Maple Leaf Foods listeria victims get pay-out
Legal system delays resolved allowing Maple Leaf Foods to provide compensation to victims.
February 9, 2012
by Canadian Packaging Staff
Three-and-a-half years after a massive recall of food products due to a deadly bacterial outbreak of listeriosis, on February 3, 2012, Maple Leaf Foods was able to mail all checks owed to participants of a class-action suit against the Canadian foods processor.
On August 2008, Maple Leaf Foods issued a recall of 243 types of ready-to-eat products contaminated with listeriosis that were supplied to grocery stores, restaurants and cafeterias across Canada.
Reports indicate that lines eight and nine at Maple Leaf Foods’ North York Bartor Road plant may have been where the outbreak originated.
Listeriosis symptoms include flu-like symptoms, nausea, vomiting, cramps, diarrhea, constipation and fever—which can appear within in one to 60 days after eating a contaminated food product.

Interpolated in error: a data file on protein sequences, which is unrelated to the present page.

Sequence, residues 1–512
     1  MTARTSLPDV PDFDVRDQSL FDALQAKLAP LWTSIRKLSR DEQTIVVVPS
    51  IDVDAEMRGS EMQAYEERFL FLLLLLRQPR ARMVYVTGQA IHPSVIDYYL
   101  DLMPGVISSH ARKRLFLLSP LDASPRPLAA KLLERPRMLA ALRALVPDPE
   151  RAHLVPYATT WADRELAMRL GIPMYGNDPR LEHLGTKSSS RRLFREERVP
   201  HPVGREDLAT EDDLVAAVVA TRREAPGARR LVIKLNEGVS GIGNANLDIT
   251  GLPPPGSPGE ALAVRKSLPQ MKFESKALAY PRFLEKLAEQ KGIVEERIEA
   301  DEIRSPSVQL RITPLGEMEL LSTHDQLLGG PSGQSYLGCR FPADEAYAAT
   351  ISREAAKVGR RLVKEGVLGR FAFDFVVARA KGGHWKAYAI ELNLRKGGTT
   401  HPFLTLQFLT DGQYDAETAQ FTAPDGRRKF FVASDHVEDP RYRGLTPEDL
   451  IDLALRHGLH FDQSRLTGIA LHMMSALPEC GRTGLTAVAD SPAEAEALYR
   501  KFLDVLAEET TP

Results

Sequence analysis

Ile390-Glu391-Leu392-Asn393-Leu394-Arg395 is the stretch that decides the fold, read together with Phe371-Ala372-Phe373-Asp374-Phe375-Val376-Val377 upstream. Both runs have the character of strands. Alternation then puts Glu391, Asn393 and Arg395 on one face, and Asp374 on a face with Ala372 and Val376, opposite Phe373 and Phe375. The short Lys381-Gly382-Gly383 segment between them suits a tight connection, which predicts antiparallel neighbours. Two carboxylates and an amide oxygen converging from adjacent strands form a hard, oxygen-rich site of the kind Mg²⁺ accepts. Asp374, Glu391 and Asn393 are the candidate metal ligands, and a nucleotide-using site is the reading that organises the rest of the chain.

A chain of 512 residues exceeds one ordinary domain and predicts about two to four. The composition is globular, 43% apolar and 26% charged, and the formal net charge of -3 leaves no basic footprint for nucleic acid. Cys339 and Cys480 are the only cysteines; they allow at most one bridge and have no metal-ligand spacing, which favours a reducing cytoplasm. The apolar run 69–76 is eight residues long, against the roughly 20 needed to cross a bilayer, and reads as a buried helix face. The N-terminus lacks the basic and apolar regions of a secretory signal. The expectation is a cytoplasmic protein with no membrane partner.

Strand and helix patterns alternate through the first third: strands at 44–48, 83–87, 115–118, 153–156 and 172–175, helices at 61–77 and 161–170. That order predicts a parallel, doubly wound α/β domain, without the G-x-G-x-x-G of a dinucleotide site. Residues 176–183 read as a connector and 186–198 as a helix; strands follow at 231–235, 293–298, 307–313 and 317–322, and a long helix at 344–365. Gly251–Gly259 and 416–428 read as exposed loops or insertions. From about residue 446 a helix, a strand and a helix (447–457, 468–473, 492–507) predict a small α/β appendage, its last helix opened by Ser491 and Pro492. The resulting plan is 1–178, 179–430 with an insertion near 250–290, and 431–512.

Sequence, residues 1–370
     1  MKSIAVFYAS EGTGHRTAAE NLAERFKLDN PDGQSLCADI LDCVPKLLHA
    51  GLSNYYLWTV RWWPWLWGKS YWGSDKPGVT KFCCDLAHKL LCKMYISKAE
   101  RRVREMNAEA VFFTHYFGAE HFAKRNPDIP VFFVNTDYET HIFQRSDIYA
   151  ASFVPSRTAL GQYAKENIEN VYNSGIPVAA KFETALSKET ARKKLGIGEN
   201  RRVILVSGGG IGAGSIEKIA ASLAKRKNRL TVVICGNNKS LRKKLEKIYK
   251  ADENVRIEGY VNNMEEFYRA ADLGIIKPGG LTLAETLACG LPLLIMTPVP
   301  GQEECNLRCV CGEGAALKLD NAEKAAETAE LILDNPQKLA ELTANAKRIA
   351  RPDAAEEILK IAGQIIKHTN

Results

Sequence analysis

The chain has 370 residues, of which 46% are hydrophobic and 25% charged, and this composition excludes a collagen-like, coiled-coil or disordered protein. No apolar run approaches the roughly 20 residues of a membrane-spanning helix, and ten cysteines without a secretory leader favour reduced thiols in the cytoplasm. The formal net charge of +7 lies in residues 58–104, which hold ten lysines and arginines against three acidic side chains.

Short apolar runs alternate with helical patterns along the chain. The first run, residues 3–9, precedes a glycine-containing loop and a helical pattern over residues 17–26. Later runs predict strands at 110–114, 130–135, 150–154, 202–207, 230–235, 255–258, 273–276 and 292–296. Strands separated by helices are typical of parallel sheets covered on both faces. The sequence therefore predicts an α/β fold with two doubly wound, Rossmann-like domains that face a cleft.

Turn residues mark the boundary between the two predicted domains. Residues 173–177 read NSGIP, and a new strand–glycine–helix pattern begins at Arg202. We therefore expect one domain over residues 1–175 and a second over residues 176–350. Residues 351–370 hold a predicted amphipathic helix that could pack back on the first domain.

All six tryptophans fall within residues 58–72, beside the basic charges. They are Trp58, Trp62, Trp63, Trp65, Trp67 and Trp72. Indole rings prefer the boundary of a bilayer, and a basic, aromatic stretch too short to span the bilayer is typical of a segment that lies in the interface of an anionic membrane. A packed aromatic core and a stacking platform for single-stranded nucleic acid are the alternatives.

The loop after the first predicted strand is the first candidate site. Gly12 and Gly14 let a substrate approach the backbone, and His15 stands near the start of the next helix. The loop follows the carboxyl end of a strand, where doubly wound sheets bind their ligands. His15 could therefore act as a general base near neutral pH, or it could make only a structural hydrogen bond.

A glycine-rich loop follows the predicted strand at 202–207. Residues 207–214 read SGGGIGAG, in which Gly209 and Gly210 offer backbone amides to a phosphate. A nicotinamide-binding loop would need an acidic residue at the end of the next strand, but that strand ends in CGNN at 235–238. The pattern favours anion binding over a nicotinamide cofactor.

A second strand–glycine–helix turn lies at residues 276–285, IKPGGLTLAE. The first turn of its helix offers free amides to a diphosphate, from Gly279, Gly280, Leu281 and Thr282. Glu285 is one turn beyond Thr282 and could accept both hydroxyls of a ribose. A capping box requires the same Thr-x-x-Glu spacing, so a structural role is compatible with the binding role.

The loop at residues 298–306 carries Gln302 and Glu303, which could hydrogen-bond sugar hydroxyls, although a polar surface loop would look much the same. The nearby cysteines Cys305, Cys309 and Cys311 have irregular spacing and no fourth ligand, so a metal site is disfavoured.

During the outbreak, 23 people died, with a total of 57 confirmed cases of illness caused by listeriosis.
A class-action suit against Maple Leaf Foods was begun in Ontario, Quebec, British Columbia, Albert and Saskatchewan in March of 2009 whereby the food giant would be required to pay-out between $25- to 27-million in damages for those suffering physical symptoms as well as psychological trauma.
All persons who consumed or purchased the recalled products manufactured between January 1 and August 31, 2008 were eligible to make a claim.
While the actual lawsuit was settled in December of 2008 with Maple Leaf Foods agreeing to a $27-million compensation package, payment was delayed within the legal courts as proper verification of health claims was required for all claimants.